For the sake of simplicity we will continue to refer to the boson, mechanism and field associated with the theory as the Higgs boson, the Higgs mechanism and the Higgs field. Looking at the history of the Standard Model the reason that Higgs’ theory is regarded as so important is that it is the last piece of the jigsaw that enabled physicists explain the mass of particles. You might ask how his theory works, which is a good question, the best way to get an answer to that question is to take a university course in particle physics, but for those of you looking for a quick fix your best bet is an analogy.
The mathematics behind Higgs’ theory, the Higgs Lagrangian with the (in)famous Mexican hat potential
(Credit: Wikipedia Commons, modified by Daniel Potter/STFC)
Higgs proposed a field, now called the Higgs field, which endows particles with a mass via what became known as the Higgs mechanism. The basic idea of a field is that at every point in space there is a number which tells you something about that point. So if you drew a grid for every point in the universe that would be a field.
Fields exist for the four fundamental forces (gravitational fields are still theoretical) but Higgs’ field is a little different. When you have a field you have associated bosons: the photon for the electromagnetic field, the W and Z bosons for the weak field, gluons for the strong field and the Higgs boson for the Higgs field. So the discovery of the Higgs boson infers the existence of the Higgs field which therefore infers that it is indeed the Higgs mechanism that endows particles with mass.
So these are the key players in the theory now for the analogies of how they work (remember they are only analogies). These analogies were proposed by David Miller and are probably the most famous analogies but have been slightly modified in light of the discovery of the Higgs Boson.
Event recorded with the CMS detector in 2012 showing characteristics expected from the decay of the Higgs boson into a pair of photons (dashed yellow lines and green “towers”)
On the day of the announcement of the discovery of the Higgs boson the rumour got out that a big announcement was set to be made and the venue where the announcement was set to be made was packed full of physicists, including Professor Higgs. So imagine the scene the physicists are evenly distributed across the hall.
After the announcement of the discovery imagine as the physicists near Professor Higgs clamber to congratulate him and shake his hand. As Professor Higgs makes his way across the hall to leave, the physicists he comes close to move in to congratulate him and the ones he leaves behind return to their even distribution.
The well-wishers clustered around Professor Higgs making it hard for him to move through the hall. In this analogy the hall is space, the physicists are the field with each one representing a point, their clustering is the Higgs mechanism and Professor Higgs is a particle. The mass of a particle is the resistance it offers against a force that acts to change its velocity. If Professor Higgs was moving through an empty hall then he would encounter no resistance to his movement and would therefore be a massless particle.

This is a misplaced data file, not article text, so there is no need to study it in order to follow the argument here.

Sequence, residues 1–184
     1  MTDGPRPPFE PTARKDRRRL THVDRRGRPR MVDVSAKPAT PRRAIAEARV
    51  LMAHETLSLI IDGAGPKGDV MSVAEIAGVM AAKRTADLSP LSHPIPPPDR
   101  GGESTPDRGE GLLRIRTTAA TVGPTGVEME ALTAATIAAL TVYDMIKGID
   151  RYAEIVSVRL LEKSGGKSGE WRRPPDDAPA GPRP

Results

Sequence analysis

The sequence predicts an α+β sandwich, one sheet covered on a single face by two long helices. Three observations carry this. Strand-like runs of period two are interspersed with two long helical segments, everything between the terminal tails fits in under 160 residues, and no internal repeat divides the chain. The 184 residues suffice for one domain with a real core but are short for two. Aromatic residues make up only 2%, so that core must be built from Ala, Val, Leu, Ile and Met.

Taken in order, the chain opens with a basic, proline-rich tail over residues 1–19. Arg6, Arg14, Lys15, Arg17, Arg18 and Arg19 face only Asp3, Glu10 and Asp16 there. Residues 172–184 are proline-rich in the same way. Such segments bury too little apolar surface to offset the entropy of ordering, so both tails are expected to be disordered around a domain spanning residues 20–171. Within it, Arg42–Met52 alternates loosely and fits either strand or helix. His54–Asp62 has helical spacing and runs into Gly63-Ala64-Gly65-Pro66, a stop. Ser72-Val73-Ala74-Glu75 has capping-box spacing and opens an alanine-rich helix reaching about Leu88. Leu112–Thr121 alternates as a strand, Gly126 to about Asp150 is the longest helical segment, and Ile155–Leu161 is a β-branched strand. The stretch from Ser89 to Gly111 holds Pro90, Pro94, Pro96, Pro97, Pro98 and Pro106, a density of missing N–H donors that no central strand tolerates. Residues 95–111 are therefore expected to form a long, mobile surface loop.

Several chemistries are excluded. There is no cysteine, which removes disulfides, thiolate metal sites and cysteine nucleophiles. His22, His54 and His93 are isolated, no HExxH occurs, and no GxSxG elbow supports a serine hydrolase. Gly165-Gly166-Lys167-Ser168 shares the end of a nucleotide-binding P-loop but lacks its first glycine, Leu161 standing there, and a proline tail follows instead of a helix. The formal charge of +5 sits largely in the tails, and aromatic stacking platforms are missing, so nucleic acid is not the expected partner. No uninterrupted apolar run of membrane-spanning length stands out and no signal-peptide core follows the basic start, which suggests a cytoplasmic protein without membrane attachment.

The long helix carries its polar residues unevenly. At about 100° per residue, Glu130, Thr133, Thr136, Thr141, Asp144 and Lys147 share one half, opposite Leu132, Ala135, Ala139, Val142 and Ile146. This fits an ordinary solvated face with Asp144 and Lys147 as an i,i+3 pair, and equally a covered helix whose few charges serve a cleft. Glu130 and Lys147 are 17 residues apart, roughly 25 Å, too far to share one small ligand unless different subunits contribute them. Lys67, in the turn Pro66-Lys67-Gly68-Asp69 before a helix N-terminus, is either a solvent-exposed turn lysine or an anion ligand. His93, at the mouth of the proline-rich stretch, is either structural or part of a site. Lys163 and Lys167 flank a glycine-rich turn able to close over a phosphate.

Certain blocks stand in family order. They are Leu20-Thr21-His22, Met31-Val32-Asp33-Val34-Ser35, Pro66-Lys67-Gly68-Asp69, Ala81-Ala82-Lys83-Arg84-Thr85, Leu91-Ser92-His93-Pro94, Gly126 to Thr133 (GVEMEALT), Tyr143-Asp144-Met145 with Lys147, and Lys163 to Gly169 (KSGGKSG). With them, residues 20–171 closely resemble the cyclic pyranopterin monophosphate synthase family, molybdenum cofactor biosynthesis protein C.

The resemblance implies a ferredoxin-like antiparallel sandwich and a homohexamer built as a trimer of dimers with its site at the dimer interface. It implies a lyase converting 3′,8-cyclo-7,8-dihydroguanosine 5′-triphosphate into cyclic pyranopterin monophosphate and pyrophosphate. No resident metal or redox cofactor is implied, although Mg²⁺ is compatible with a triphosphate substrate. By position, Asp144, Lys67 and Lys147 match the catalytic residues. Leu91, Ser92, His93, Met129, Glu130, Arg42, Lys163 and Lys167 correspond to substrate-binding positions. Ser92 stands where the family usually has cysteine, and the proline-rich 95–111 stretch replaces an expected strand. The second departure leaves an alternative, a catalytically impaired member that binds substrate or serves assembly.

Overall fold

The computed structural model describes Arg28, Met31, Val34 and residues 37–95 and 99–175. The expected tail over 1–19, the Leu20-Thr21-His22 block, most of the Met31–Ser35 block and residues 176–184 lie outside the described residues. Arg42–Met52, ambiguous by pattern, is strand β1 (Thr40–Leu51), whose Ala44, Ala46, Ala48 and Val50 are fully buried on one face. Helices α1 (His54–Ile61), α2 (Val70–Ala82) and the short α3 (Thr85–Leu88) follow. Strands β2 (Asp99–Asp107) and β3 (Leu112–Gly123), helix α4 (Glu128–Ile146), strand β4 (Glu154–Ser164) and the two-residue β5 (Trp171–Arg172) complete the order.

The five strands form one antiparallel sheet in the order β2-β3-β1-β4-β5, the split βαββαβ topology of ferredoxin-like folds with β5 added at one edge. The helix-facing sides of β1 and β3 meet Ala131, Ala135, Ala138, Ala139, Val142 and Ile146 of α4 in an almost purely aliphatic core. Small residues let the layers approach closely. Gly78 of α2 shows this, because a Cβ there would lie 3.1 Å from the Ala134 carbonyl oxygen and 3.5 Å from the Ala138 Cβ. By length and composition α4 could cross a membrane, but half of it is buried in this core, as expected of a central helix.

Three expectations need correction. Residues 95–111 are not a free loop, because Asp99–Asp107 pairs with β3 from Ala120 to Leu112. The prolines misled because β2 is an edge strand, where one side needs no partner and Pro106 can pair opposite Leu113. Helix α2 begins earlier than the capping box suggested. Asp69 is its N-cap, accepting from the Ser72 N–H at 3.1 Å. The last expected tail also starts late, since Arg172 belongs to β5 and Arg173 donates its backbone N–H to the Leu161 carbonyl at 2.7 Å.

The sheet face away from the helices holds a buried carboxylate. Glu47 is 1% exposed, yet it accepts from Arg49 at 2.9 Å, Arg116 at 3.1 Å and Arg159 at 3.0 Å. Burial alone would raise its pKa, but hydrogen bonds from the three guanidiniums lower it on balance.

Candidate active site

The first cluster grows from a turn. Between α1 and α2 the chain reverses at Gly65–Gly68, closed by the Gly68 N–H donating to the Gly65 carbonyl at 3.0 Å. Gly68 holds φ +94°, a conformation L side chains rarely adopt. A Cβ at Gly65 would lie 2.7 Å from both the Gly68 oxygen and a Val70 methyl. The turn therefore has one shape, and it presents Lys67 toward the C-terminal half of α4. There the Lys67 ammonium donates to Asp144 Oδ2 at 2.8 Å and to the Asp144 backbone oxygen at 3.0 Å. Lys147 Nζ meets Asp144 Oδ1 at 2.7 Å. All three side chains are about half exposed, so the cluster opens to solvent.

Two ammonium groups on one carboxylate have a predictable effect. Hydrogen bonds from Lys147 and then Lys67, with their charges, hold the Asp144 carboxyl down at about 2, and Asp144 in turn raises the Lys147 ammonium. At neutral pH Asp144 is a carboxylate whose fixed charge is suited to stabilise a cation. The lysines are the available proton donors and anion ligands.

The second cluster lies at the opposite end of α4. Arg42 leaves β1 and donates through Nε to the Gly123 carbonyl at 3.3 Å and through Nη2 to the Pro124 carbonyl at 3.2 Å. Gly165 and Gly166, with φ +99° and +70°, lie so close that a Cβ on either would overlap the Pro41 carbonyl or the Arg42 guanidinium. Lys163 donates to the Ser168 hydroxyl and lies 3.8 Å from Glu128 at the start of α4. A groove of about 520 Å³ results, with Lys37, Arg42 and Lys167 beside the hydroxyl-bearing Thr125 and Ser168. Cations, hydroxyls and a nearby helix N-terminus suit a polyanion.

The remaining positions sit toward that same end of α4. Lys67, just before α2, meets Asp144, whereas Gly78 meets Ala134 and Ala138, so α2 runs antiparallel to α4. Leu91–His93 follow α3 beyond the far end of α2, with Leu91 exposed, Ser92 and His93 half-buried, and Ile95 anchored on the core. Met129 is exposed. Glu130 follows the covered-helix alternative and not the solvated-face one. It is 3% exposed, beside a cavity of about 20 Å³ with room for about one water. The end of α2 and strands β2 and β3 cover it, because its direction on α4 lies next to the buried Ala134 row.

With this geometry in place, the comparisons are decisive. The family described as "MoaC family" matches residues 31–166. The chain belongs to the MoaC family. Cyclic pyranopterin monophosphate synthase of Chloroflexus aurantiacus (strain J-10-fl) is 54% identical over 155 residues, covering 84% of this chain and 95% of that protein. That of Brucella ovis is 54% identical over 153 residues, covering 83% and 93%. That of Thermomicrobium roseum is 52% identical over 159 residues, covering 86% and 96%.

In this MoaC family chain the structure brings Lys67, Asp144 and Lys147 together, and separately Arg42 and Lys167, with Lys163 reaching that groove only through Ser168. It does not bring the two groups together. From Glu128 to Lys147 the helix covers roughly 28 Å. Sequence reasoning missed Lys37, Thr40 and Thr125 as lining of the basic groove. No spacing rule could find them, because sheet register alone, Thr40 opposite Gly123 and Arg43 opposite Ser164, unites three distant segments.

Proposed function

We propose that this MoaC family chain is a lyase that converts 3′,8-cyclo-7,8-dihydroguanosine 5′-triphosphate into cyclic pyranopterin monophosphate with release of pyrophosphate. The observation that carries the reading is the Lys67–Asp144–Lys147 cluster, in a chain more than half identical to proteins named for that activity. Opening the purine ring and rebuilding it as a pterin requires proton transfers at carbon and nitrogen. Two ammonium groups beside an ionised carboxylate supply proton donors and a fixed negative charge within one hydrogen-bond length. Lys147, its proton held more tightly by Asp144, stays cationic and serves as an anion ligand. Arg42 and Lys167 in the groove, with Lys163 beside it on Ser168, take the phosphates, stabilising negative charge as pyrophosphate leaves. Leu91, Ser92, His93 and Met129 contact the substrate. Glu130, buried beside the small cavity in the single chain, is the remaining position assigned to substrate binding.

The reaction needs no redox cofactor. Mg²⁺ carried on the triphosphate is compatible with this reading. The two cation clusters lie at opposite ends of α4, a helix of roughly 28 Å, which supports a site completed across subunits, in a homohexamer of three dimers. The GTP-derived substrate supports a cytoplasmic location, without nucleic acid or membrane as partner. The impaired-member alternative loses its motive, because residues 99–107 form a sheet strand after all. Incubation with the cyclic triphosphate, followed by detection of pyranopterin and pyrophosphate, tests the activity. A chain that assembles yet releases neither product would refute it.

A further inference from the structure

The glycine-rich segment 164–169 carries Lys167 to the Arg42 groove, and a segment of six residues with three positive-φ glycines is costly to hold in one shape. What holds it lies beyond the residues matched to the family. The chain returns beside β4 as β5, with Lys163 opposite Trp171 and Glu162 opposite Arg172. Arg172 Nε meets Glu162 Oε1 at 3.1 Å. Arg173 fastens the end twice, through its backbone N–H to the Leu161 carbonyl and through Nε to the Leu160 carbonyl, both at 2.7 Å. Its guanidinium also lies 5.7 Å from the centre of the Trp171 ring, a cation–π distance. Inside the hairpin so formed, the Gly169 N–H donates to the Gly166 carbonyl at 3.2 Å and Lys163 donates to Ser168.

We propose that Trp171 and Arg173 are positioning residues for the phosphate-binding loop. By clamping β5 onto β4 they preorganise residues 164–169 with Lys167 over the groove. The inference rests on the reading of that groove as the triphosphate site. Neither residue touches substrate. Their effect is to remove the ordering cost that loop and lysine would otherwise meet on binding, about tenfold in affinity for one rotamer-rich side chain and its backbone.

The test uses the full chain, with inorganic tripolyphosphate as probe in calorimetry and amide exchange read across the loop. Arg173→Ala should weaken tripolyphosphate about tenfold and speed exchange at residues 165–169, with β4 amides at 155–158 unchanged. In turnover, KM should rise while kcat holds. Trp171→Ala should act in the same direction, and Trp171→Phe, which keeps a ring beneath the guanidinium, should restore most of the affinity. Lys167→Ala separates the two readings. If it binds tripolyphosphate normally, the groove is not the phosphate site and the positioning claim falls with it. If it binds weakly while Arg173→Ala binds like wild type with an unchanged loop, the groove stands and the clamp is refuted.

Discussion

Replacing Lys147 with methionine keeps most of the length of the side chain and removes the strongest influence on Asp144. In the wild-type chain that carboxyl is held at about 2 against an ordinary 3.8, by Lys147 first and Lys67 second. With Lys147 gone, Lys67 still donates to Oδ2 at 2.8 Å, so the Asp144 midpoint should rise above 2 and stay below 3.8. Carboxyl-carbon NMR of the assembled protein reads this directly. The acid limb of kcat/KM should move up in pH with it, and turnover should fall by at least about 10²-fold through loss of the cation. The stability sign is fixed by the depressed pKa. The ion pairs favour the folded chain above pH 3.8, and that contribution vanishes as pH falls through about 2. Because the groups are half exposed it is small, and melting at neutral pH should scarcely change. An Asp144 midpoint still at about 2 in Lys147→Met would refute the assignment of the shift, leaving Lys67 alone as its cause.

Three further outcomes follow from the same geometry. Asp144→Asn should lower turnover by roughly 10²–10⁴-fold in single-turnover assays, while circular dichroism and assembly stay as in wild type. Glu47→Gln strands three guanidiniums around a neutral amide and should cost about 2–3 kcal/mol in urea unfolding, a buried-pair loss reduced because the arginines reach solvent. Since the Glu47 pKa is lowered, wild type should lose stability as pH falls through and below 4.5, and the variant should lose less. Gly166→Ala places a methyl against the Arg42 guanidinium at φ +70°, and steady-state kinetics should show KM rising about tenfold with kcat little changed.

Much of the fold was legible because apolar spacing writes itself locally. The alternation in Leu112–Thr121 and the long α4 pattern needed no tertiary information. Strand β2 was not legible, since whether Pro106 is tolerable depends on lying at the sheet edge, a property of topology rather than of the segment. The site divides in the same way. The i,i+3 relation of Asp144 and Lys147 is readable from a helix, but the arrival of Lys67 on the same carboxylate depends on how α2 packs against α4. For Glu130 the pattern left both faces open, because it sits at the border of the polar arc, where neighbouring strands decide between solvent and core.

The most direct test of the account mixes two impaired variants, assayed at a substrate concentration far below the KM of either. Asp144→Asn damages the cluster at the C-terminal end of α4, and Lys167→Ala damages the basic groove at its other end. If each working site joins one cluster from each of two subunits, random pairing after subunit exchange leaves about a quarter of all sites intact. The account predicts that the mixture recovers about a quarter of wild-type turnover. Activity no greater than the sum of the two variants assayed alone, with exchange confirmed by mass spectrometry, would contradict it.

News of the discovery travelled quickly and caused great excitement the world over. If we imagine physicists gathered for a conference, it’s a popular conference and the hall is packed. Imagine once again that the physicists are evenly distributed throughout the hall. One of the physicists receives a text message informing them of the discovery at CERN.
The excited physicist informs those nearby and a cluster of physicists form to read the CERN press release. The physicists near the cluster want to know what’s happening and those in the cluster turn to tell them and a wave of clustering passes through the room. The rumour may spread to all the corners of the hall or it may form a compact bunch which carries the news along a line of physicists from the one who received the text message to the chair of the conference at the other side of the room.
An illustration of the above analogy showing a rumour moving through a cocktail party.
Since the information is carried by clusters of physicists, and since it was clustering that gave mass to Professor Higgs, then the rumour-carrying clusters also have mass. In this version of the analogy the rumour carrying clusters of physicists (or clusters in the field) represent Higgs Bosons (no physicists were harmed in the making of these analogies).